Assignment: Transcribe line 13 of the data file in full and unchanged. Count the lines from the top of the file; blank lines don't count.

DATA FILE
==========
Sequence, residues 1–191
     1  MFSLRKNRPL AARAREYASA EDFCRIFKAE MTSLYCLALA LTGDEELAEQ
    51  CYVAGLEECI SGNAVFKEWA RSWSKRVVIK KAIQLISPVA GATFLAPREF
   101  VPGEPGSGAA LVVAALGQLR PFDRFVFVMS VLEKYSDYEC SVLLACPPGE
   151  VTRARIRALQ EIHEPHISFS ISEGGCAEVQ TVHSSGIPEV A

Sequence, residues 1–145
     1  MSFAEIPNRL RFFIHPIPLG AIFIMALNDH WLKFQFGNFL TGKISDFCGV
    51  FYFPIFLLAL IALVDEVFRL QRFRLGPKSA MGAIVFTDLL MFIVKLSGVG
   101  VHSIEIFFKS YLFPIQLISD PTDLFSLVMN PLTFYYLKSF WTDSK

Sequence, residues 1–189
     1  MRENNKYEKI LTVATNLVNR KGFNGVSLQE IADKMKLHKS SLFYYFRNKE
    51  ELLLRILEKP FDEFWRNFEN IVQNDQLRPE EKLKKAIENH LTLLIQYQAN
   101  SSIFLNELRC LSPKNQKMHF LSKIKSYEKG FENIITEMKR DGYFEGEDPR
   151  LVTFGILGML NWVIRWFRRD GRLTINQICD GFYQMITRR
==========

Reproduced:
   101  SSIFLNELRC LSPKNQKMHF LSKIKSYEKG FENIITEMKR DGYFEGEDPR